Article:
Recent studies suggest that elevated melt rates accelerate ice sheet velocities in Greenland (Zwally et al, 2002). Accelerated flow of ice increases delivery of the ice to low elevation ablation areas and calving margins and understanding the processes responsible for the speedup of inland ice is important for determining the rate of sea level change and reduction in Earth’s albedo. Surface-derived meltwater penetrating to the glacier bed as been reported to “lubricate” glacier motion by elevating basal water pressures, but many fundamental issues remain poorly known, such as how englacial drainage systems develop in cold ice. According to classical glaciohydrologic theory, englacial conduits are thought to be arborescent and dip down glacier following the steepest hydraulic gradient along flow paths through intergranular porosity analgous to Darcian flow in a porous medium – however most observations of englacial conduits are at variance with theory. An alternative hypothesis for englacial conduit development based on the principles of limestone karst hydrology and adapted to glacier systems is proposed.
Montana State University
“Taphonomic variation in the Early Jurassic Lufeng Formation of ChuXiong Prefecture, Yunnan Province, People’s Republic of China”
The taphonomy of the Early Jurassic Lufeng Formation in ChuXiong Prefecture, Yunnan Province, China has never been studied. These rocks contain abundant vertebrate fossils including prosauropod dinosaurs. The goals of this project are to study the taphonomy of the ChuXiong vertebrates as well as the stratigraphy and sedimentology of the Lufeng Formation at a few selected localities across the prefecture and to find clues to help reconstruct the Early Jurassic paleoenvironment.
University of California, Santa Barbara
“A Paleobotanical Climate Analysis of the Early Paleogene of Northern California”
I intend to use two fossil floras, Moonlight (ML) and Susanville (SV), from the Diamond Mountains, northern Sierra Nevada, to establish the terrestrial climate of northern California during the early Paleogene. The age of these floras is poorly constrained. Field work studying the stratigraphy and mapping the area in detail will provide more information about their geologic context. If ML and SV are early Eocene as hypothesized, they are the only known leaf fossil localities from the central Pacific coast of North America from that time period. Using the Leaf Margin Analysis (LMA) I intend to test the difference in the paleoclimate of the west coast as compared to the interior of North America during the early Paleogene.
“Integrating high-resolution paleoenvironmental proxies to analyze the Ediacaran Doushantuo Formation, South China: Implications for the rise of oxygen and biological evolution”
Several recent hypotheses argue that oxygenation during the Ediacaran Period (635-542 Ma) either occurred in stages or as a single protracted event. However, these studies were based on geological successions with a limited fossil record, restricting our understanding of the interaction between environment and biological evolution. The Doushantuo Formation, South China has the potential to clarify the global picture of Ediacaran biological and geochemical events because it contains both the geochemical proxies and a thriving fossil record required to test these hypotheses. This study aims to integrate high-resolution (cm-dm scale) paleoenvironmental proxies of the Doushantuo Formation, Yangtze Gorges, South China to investigate local and global geochemical signals related to redox conditions, climatic change, and combined microfossil data to understand the relationship between the rise of oxygen and evolutionary events during the Ediacaran Period.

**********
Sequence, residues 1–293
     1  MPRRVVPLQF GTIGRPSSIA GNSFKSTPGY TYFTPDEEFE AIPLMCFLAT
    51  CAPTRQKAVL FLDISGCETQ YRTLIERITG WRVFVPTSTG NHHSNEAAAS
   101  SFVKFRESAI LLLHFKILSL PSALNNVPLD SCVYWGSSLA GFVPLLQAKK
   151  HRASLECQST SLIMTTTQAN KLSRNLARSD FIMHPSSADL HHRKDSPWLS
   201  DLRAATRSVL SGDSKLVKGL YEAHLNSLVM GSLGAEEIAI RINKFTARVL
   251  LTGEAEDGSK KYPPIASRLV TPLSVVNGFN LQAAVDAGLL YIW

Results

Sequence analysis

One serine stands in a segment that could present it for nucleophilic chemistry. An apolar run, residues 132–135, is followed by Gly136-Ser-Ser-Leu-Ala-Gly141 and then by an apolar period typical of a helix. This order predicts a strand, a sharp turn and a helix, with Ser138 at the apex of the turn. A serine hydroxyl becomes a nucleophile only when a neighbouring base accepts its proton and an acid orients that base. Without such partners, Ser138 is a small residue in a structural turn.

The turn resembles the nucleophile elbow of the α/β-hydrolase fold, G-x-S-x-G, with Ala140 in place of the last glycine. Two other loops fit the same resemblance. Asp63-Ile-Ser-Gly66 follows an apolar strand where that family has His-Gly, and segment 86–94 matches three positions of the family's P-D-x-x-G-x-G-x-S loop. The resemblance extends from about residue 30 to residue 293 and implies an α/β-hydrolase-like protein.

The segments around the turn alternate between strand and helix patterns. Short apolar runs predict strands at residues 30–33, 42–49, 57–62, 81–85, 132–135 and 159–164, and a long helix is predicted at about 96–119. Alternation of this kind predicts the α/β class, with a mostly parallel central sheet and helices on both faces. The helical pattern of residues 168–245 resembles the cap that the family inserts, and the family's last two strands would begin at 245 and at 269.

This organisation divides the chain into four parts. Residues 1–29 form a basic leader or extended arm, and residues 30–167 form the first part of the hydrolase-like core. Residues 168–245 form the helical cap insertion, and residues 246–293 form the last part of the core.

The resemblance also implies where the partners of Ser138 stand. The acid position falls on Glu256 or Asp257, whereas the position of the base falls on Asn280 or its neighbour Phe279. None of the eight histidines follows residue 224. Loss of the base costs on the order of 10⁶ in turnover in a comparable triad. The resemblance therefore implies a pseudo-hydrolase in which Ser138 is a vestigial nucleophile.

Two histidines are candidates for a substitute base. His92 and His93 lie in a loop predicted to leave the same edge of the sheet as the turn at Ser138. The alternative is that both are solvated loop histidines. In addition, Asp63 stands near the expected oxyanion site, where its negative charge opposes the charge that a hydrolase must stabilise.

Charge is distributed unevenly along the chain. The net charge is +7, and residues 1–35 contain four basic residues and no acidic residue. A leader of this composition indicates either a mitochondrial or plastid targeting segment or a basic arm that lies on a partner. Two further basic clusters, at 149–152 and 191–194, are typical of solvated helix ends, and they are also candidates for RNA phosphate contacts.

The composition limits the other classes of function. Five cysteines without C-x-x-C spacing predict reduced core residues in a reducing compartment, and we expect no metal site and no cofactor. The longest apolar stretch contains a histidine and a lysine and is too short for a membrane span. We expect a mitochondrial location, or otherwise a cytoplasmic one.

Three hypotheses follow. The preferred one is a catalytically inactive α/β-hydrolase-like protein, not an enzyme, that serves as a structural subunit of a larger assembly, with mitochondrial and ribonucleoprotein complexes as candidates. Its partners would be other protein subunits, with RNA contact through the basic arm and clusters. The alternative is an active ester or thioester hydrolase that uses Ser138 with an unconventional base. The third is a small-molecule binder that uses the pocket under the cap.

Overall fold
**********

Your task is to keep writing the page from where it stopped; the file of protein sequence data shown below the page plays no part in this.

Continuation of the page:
University of Cincinnati
“From Mid-Crustal Depths to Soaring Peaks: The Tectonic, Temporal and Thermal Evolution of the Indus Suture Zone, eastern Ladakh, NW Himalaya”
I will determine the Pressure – Temperature – Time – deformation path for the Lamayuru formation (Tethyan Basin) of the Indus Suture Zone (ISZ) in eastern Ladakh. This path will constrain the mechanisms for uplift and exhumation and I will be able to draw conclusions about whether tectonic processes or surface processes control mountain landscape evolution. I will also integrate the history of the Lamayuru into previously and vastly different determined histories of the Indian and Asian continental margins to create a thorough tectonic, temporal and thermal evolution for the ISZ.
Portland State University
“Enigmatic anteaters, sloths, and armadillos (Superorder Xenarthra): elucidating evolutionary relationships among xenarthran families and remaining mammals”
A comprehensive morphological analysis of the Superorder Xenarthra has never been undertaken. This information can yield information about their phylogenetic history and elucidate the dispersion from South America into North America during the Great American Biotic Exchange. So far, I have examined 56 species (31 fossil and 45 extant species) from 411 US museum specimens. North American fossils date back only 9 million years, even though this taxon is hypothesized to have originated in the late Cretaceous. To include the oldest material available, I need to go to Argentina to examine the fossils housed in the museums there. Without these specimens, the morphological analysis is only comprehensive for North America and not the entire taxon.